Literary Heroes: Mr Fitzwilliam Darcy

Okay, I'll be truthful. I have a tiny bit of a crush on Mr Darcy. I'm not quite sure why, but suspect it has something to do with the fact that over the course of a novel he goes from being a stuck up, miserable git to a wholly likable, albiet occasionally grumpy gentleman who has a heart of gold and a genuine affection for the leading lady in the novel, the intelligent and occasionally outspoken, Elizabeth Bennett. Anyway, today I'm devoting a post to Mr Darcy.

Mr Darcy is the kind of man who is disliked by strangers, but loved and respected by those who know him well. Twenty-eight years old, unmarried and the owner of a palatial estate named Pemberley, Mrs Bennett initially thinks that he may be a good match for one of her five daughters, but the idea is soon dismissed when the Bennetts first encounter Mr Darcy at a party. He makes a poor impression on all, particularly the second daughter, Elizabeth. Mr Darcy and Elizabeth are forced to be in one another's company several times over, until Mr Darcy eventually proposes. Elizabeth, finding despicable due to his part in separating her older sister Jane from her love interest, Mr Bingley, declines and tells Mr Darcy exactly what she thinks of him. He responds by writing a letter, in which reveals his true feelings and a number of things he is too afraid to say out loud. Elizabeth is left embarrassed and alone. Later, Mr Darcy comes to the rescue of the Bennetts after Elizabeth's youngest sister, Lydia, elopes with a roguish soldier. He reunites Jane and Mr Bingley and is revealed to be a decent man after all. He proposes a second time and naturally, Elizabeth accepts.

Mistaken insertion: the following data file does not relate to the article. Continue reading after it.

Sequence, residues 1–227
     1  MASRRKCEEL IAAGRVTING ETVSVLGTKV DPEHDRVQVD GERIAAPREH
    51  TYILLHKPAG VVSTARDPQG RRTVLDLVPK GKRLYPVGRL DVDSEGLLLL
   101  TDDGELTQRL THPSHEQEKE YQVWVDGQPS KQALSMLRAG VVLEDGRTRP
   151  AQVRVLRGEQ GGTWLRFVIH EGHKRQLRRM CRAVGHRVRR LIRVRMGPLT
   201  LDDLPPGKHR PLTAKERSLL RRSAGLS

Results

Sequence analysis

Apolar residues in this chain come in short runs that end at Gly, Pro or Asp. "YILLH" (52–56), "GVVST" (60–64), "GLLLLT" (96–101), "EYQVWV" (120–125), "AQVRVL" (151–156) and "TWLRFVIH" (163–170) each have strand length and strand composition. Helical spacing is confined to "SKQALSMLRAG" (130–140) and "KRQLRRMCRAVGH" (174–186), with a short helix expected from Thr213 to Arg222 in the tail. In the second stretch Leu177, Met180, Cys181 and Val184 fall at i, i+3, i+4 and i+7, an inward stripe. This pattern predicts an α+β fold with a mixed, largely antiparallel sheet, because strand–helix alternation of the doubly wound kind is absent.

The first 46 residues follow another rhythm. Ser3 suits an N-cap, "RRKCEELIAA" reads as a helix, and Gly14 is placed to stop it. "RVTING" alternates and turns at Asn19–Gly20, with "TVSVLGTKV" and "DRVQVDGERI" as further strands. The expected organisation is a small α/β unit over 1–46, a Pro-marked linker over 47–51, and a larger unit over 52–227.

Although he may appear gruff, Mr Darcy is perhaps one of the most responsible and damn well decent heroes to be found in literature. He obeys his father's instructions regarding Mr Wickham, despite the fact that Mr Wickham has done nothing to deserve such kindness. He comes to the aid of the Bennetts when they need him the most--without his assistance, it is unlikely that Wickham would have married Lydia and it would have ruined the chances of the other Miss Bennetts, particularly Jane who has the eye of Mr Bingley, to marry well. It is doubtful that he did this so that he would be able to marry Elizabeth--he had already proposed once, she had turned him down and at that point, he had no reason to think that the strong-willed young lady would change her mind. Many of his actions are selfless and to help the happiness of others. Even his actions in initially separating Jane and Mr Bingley were with the best of intentions, even if they were misguided.

Who is your favourite literary hero?


Kathryn White said…
Cool. I'll see what I can do.

PS You have an awesome surname.

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